We're getting fatter

JUST like their waistlines, the number of residents on the Tweed who are obese has bulged.

A NSW Health Department survey has found the proportion of obese people on the North Coast has swelled from 15.3 per cent in 2007 to 20.6 per cent in 2008.

This is higher than the state's average of 18.6 per cent for the same period but lower than rural NSW (22.7 per cent).

Murwillumbah-based nutritionist and naturopath Olwen Anderson said she did not need a survey to notice this trend locally.

“You only have to walk up the main street any day to see that some people clearly aren't maintaining a healthy weight range,” Ms Anderson said.

“There are two major causes that immediately spring to mind; not enough exercise and too much highly processed low-fibre food.”

Obesity is classified as having a body mass index (BMI) of 30 or more. BMI is calculated as weight (in kilograms) divided by your squared height (in metres).

In order for people to regain their health, Ms Anderson said, they have to set an exercise program and stick to their resolve.

“Another lifestyle factor contributing to the increasing levels of obesity is our tendency to reach for fast food that is usually low in fibre and high in fat and sugar,” she said.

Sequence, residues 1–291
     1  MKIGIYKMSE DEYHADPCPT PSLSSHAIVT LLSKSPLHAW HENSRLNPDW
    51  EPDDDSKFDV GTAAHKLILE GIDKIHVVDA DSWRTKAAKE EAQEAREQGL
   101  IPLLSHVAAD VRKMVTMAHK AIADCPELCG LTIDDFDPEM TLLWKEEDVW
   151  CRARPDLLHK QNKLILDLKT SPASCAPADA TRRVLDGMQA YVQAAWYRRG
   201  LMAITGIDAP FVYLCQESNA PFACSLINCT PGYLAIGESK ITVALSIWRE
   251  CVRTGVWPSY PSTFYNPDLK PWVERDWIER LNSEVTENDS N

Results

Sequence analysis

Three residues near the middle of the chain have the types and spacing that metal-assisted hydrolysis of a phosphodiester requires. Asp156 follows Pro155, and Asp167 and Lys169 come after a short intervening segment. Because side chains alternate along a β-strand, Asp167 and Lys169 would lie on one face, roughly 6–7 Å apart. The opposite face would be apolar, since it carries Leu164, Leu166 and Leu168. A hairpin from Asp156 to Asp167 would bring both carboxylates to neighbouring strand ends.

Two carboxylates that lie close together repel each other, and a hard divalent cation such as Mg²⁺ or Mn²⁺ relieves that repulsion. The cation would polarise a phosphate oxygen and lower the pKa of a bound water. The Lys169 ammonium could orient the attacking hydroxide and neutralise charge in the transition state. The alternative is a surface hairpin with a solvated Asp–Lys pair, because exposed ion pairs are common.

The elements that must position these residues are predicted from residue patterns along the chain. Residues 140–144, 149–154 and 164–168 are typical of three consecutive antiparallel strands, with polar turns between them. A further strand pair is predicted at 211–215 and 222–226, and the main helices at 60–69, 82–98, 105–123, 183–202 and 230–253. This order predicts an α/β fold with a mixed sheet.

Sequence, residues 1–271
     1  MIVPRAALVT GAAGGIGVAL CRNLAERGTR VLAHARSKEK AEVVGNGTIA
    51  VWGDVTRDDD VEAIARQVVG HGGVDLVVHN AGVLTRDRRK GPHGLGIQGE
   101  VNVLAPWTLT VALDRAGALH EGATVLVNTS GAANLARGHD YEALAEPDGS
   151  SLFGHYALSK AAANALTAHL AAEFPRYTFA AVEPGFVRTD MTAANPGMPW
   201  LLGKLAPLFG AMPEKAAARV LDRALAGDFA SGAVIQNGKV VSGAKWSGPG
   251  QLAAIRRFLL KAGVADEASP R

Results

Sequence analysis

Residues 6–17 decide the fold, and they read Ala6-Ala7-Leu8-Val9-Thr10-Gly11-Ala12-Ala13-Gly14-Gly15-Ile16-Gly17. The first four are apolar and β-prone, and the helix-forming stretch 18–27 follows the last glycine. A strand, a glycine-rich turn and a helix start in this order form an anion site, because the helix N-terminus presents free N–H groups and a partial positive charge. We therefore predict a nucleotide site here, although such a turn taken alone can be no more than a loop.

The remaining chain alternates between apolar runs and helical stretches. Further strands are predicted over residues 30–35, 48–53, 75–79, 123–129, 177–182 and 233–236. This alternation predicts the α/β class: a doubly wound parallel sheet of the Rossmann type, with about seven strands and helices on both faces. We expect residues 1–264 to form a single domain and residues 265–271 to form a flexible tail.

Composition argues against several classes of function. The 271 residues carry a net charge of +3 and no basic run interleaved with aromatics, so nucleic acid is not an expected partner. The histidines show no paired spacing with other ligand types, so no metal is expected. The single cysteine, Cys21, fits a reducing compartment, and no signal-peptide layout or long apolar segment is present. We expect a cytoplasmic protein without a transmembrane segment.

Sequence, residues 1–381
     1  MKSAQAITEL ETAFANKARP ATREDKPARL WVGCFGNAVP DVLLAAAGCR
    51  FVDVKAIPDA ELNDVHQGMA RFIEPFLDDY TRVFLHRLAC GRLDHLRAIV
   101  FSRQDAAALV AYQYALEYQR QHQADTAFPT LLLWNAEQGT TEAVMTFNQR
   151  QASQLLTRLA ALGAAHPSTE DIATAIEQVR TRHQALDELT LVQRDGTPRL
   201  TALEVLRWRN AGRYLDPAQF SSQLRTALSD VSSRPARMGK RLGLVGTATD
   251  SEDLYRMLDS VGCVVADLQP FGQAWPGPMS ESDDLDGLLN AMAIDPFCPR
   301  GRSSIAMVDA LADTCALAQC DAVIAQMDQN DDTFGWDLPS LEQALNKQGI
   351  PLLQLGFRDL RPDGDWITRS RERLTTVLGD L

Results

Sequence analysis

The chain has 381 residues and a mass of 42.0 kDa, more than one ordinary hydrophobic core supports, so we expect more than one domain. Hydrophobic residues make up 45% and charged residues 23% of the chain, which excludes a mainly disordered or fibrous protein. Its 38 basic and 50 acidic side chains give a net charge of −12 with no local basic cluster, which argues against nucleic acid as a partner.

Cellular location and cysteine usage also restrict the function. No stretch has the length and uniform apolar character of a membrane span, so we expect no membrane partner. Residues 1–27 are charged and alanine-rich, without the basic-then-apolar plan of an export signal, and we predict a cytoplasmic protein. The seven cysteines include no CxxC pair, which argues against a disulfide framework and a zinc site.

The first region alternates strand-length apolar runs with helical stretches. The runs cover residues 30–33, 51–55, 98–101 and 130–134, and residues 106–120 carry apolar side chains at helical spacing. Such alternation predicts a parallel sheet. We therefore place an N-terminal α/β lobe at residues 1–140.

“This kind of food is highly concentrated, and yet won't give you a feeling of fullness as much as unprocessed foods like fresh fruits and vegetables.”

Ms Anderson said this results in people eating a huge amount of calories, fat and sugar, and still being hungry afterwards.

“Combat obesity by making the time to prepare and enjoy food at home most nights of the week; your wallet will thank you too.”

The new and damning figures come with fresh national data, released yesterday, that revealed 62 per cent of Australians are now overweight or obese.

The Australian Bureau of Statistics' 2007-08 National Health Survey shows men and older people are the fattest of all and about a quarter of children are overweight or obese.

North Coast Area Health Service (NCAHS) nutrition and physical activity co-ordinator Jillian Adams is concerned about these rising levels.

“Obesity increases the risk of heart disease, some cancers, stroke, type 2 diabetes, gall bladder disease, polycystic ovarian syndrome, osteoarthritis, back pain, gout, stress incontinence, erectile dysfunction and sleep apnoea,” Ms Adams said.

To help combat this dangerous trend NSW Health has launched The Get Healthy Information and Coaching Service, a free, confidential telephone service that will help people make lifestyle changes to get their weight back toward a healthy level.

“Don't wait until you are obese before you do something about it - keep an eye on your waist measurement,” Ms Adams said.

“For most women, a waist circumference over 80cm puts you at an increased risk and more than 94cm for men.

“The coaches are really friendly and will help with developing personal health goals, maintaining motivation and creating solutions for successful lifestyle change,” she said.

There are up to 10 coaching calls over six months, accessible by calling 1300 806 258 or visiting www.gethealthynsw.com.au

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